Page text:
I feel great about them. I feel humbled by the gift of nature that continues the growth of a noble tradition sparked in the family by me. Praise be to Allah for such a gift. Their mother is a writer too. She has a book of poetry in Hausa. These new poets in the house are rewards for keeping other people’s children at Hill-Top. Zakiyyah doesn’t show me her poems.  Her winning poems are mostly unedited. Saddiq was coming around my room to read some poems to my hearing but that’s the only contact. Even yesterday (11th June, 2021), I was sitting at the at the Centre alone, with Mahmud and Saddiq called to greet and ended up asking me to listen to his newest poems. I did. Zakiyyah is politely stubborn about her poems, she doesn’t want anything changed. Such arrogance of poets! She just sends them out on her own. We feel great. The house feels great.  They are not the only ones. Yusrah and Mahmud write poems too. Zaynabu has the capacity but doesn’t write. We are grateful to many Nigerian writers who have been supporting our children in return to what we do to other people’s children. We are grateful to our sponsors who thoroughly believe in what we do at the Art Centre.

  • There is a paradigm shift in Nigeria literature. As one who has been actively involved in promotion of literature for decades, what do you think of contemporary poetry?

Robust and dynamic. Young Nigerian poets are audaciously defining their perspective without remorse which shows the growth and maturation of their art at young age. They are highly experimental and bold. The old guards have largely ignored them in Nigeria but they go elsewhere to conquer. Well, in a country where you have such huge convergence of young poet, you expect nothing but dynamism. Everybody isn’t going to think or do things the same way. So, contemporary poetry, whatever that means to anybody, is a response to the times we are in. it is great to be in these times. Greater it is to see large number of Northern Nigerian youth find comfort in literary art.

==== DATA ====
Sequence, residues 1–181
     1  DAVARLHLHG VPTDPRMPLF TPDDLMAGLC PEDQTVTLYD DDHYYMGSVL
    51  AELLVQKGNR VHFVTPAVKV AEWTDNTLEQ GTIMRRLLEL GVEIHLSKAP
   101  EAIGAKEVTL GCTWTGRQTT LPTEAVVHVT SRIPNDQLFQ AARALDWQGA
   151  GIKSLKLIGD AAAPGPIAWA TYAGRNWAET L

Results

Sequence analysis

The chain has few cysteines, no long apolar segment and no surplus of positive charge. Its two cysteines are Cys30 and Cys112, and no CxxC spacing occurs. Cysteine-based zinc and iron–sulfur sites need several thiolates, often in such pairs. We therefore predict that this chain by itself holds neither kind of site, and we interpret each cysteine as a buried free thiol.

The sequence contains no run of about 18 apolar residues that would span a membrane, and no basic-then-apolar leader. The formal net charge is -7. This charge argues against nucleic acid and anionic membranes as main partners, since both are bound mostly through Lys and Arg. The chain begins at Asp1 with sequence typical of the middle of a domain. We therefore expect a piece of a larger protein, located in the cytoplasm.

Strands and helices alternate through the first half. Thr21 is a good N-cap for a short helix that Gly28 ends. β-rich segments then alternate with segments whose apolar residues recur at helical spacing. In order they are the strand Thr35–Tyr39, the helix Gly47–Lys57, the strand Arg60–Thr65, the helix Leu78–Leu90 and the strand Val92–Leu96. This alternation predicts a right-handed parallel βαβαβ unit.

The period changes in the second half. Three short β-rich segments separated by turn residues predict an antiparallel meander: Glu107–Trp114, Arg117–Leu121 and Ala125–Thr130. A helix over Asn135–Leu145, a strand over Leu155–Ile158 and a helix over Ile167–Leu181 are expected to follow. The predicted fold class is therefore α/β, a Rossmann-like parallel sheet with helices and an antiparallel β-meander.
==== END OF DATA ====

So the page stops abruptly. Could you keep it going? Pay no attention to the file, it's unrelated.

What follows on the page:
• Barring the odds against the promotion of literature and the arts, how have you been weathering this unfortunate situation?

Hill-Top started long ago our national headquarters is 17yrs old, this year. We are earlier than most contemporary art organisations in Nigeria.  So, consistency has helped people to develop confidence in us in Niger State to the point that we are able to gain supports. In fact, our primary support base in our early life were the Nigerian writers themselves. Today, we are getting bigger supports from Senator Muhammad Sani Musa of the Niger East Senatorial District to build a library for us, this year. Similarly, the Federal Member of the House of Representatives, Hon. Saidu Musa Abdul will be constructing a block of two classrooms for us while the Aliyu Trust Foundation has promised to build our Art Residency as well. None of these people that we wrote any letter to, our visibility and consistency is winning favours to us. This is to the point that, a mere text message from me to them is believable. Art does not enjoy big-time patronage in Nigeria especially in Northern Nigeria. And Government that should be ahead in documenting our life is highly insensitive to art too. Any society that does not document herself, does not exist.